Google’s Web: How to Untangle Your Website Analytics

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As we navigate through the mire of data available stemming from powerful tools such as Google Analytics, it’s easy to lose a sense of strategic direction when it comes to your website. Spinning the large quantities of information into a useful map of content is a bit trickier now, but not altogether impossible. By honing in on specific key metrics, you can deduce what adjustments need to be made in your approach to designing a successful website.

Conversion Rates
Does your website have a newsletter sign up, a registration page, downloadable content, or sell a product or service? You can find out if these call-to-actions are effective by extracting your goal conversion and your Ecommerce conversion rates. A goal conversion relates to specific actions you want a user to do on your website such as signing up for a newsletter or inputting customer information, while an Ecommerce conversion tracks an actual monetary purchase. You can monitor your online efficiency and sales performance, in the admin panel of your Google Analytics dashboard, just select an account, property, and a view. Then, click goals, and from there create a goal to measure how often users take or complete these specific actions.

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True New and Returning Visitors
Multiple platforms now exist in the range from tablets to desktops for users to visit and browse your website. As a result, it can get tricky to distinguish a brand new visitor to your website from a loyal returning visitor. It is important to know the difference between the two, especially the true new visitors so you can track how they found your site, what keywords they searched to get there, and what pages they frequented so you know what is working to attract (or not working) them. To solve this problem, create advanced segments in your settings to get true returning visitors and true new visitors.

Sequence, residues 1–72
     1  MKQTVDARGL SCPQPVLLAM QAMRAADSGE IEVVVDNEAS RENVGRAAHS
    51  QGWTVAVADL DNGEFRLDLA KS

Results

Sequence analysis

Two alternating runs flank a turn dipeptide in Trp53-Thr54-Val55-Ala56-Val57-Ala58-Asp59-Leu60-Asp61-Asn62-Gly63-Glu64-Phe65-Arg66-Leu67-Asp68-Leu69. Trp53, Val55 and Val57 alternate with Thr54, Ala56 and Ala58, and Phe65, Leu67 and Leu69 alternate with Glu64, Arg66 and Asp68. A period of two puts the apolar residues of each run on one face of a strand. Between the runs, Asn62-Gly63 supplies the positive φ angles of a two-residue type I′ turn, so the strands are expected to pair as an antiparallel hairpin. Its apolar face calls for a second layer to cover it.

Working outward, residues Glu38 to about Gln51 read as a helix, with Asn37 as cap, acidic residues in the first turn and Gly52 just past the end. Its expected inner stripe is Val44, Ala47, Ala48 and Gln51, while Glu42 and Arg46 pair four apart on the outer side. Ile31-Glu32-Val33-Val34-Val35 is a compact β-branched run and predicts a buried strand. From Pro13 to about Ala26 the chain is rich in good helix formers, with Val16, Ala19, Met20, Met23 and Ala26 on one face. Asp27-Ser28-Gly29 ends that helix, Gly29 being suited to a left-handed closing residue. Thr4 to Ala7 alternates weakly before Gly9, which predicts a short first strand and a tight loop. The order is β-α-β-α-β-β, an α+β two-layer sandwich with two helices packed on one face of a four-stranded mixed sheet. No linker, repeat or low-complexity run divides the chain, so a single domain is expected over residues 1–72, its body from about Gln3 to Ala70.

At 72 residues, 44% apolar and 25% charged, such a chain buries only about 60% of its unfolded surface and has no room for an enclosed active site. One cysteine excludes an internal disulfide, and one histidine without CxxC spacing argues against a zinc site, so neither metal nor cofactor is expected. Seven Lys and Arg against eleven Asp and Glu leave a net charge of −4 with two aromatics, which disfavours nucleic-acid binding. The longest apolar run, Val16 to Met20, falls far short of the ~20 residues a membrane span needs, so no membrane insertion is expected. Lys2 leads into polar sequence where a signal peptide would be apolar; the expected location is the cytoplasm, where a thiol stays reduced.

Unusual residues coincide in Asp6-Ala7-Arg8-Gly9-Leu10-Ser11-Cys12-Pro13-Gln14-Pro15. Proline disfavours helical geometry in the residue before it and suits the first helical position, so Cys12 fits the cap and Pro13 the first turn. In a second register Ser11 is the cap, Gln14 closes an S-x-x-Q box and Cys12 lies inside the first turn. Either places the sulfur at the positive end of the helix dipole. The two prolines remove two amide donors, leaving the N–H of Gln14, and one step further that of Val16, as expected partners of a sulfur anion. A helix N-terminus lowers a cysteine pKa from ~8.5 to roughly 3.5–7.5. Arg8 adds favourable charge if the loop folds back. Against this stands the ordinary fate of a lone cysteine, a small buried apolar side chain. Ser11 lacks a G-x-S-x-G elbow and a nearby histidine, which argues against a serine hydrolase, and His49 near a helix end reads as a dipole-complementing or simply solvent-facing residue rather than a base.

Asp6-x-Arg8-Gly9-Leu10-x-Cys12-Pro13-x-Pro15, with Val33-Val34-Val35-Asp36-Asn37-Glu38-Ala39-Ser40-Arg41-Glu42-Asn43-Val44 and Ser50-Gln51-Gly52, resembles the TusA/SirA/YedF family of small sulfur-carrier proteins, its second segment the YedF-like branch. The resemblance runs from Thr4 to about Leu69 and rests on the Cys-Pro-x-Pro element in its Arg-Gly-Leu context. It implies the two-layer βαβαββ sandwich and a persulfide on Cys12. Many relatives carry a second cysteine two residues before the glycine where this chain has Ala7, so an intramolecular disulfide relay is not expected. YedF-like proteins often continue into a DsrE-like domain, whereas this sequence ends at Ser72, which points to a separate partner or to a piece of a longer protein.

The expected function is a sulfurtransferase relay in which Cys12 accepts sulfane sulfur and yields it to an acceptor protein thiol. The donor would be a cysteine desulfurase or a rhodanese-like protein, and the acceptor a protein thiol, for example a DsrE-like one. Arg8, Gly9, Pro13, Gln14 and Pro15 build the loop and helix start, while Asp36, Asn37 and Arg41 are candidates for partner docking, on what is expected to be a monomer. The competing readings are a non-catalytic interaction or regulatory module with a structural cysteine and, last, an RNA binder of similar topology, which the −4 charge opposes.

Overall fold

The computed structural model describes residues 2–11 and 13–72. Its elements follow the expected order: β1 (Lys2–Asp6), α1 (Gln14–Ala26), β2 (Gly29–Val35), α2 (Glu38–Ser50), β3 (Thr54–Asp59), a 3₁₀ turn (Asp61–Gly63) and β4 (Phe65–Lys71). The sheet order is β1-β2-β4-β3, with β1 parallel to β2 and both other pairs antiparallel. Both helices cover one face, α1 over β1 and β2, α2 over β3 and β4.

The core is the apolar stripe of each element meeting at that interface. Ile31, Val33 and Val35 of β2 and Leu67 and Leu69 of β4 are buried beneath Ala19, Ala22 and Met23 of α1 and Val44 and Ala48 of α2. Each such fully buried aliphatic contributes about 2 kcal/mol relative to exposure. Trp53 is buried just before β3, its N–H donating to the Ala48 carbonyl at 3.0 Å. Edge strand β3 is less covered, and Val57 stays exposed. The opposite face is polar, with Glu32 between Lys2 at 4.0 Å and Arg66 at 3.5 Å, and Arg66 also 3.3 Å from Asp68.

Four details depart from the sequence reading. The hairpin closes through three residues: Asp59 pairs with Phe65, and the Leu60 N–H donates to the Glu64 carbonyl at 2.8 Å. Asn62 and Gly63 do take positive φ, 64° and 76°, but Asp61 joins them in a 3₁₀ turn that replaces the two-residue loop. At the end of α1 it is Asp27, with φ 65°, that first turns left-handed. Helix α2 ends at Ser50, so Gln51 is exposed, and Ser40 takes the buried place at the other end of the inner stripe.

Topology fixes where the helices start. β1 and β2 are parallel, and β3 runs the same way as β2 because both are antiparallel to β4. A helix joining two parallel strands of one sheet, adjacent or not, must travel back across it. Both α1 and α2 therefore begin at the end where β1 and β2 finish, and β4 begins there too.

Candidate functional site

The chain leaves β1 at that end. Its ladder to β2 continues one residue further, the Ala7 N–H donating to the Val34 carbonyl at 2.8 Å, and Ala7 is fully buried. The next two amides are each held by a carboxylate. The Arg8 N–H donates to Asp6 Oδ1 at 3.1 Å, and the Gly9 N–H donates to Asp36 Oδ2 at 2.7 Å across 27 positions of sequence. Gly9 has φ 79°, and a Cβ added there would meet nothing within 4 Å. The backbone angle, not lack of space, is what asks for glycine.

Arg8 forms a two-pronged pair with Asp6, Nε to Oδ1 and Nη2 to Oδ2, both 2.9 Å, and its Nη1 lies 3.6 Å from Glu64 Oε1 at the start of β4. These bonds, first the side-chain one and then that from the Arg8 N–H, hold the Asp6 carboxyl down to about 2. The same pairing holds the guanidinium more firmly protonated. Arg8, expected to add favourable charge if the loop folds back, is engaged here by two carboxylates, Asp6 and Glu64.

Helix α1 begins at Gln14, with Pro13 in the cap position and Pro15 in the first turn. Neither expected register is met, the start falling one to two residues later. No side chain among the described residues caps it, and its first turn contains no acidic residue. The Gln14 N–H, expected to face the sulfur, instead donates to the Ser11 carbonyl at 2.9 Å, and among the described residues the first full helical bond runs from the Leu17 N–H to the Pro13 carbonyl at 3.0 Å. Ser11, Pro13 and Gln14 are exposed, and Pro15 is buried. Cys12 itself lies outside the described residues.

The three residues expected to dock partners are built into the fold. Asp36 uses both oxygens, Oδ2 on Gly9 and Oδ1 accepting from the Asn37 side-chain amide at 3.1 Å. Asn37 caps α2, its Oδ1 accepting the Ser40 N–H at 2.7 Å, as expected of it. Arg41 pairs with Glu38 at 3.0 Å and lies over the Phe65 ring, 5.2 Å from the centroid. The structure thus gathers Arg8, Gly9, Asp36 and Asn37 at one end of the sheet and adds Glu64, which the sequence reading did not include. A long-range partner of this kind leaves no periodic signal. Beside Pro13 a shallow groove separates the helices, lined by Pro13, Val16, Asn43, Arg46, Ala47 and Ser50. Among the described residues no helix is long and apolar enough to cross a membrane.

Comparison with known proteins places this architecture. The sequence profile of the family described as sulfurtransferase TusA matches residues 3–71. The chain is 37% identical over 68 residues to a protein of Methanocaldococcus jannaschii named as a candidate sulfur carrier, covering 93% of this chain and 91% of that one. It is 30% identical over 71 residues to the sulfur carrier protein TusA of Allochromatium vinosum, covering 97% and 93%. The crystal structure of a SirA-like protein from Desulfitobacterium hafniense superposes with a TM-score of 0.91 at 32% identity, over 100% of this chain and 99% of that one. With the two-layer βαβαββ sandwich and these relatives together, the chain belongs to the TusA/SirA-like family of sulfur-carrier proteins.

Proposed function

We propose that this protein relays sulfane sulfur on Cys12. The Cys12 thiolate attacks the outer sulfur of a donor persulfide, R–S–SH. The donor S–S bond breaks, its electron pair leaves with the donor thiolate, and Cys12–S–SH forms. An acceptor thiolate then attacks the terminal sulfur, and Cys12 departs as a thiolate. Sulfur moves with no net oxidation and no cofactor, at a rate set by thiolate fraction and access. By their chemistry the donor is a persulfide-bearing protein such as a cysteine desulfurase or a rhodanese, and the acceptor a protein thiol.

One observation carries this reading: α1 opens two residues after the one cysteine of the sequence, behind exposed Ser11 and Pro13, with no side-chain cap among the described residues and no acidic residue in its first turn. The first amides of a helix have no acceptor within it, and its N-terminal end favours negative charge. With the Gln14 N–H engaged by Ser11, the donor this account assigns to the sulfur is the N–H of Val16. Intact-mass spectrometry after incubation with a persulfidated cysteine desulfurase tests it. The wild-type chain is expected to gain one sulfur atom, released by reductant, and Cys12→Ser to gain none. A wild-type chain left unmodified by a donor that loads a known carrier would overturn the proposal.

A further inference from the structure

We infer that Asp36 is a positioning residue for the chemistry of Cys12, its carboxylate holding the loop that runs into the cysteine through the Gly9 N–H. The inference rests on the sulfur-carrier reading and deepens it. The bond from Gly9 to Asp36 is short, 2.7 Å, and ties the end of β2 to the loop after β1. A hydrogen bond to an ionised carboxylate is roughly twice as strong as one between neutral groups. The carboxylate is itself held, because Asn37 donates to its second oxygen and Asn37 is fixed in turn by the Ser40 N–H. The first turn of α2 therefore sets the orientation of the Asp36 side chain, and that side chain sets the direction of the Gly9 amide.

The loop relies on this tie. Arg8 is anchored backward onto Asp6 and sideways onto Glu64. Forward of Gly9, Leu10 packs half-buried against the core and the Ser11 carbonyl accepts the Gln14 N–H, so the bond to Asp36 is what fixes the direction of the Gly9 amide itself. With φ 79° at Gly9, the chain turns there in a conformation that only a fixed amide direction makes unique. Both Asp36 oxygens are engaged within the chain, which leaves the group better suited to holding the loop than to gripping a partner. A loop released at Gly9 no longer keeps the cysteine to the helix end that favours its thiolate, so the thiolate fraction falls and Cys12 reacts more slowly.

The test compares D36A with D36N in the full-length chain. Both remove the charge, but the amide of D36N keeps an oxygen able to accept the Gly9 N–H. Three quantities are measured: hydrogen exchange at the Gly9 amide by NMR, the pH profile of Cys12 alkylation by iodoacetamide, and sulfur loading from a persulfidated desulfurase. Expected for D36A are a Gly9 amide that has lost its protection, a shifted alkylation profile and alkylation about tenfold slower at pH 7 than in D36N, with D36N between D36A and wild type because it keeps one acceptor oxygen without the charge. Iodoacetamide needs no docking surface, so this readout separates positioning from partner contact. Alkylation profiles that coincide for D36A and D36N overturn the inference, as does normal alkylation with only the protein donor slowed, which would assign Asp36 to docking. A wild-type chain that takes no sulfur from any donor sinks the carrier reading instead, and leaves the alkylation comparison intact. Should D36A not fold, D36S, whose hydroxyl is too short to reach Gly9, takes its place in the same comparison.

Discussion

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Bounce Rate
Another useful Google Analytics statistic is the bounce rate. You can evaluate the success of your website as a whole by gauging how many of them leave shortly after arriving. The lower that number is, the better. Moreover, these single page sessions can help you identify if your landing page design is off or your keywords are not correctly defining your page content.

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Long Term Statistics
Keeping the bigger picture in mind is also important when you are looking at so many details, ratios, percentages and statistics. When you take a step back and see the website trends of your page visits over an extended period of time, you can correlate the marketing initiatives taken on your end to the activity displayed as an outcome on the user end. Google, by default, features the results of the prior 30 days, but try extending this out to a three to six month period. Do you see random spikes and falls? How about a slow, but stable growth of visitors? Do any rises in page visits occur around the same time of a website update or a marketing tactic? Asking these questions will help you understand how your website is performing in the long run with your audience.

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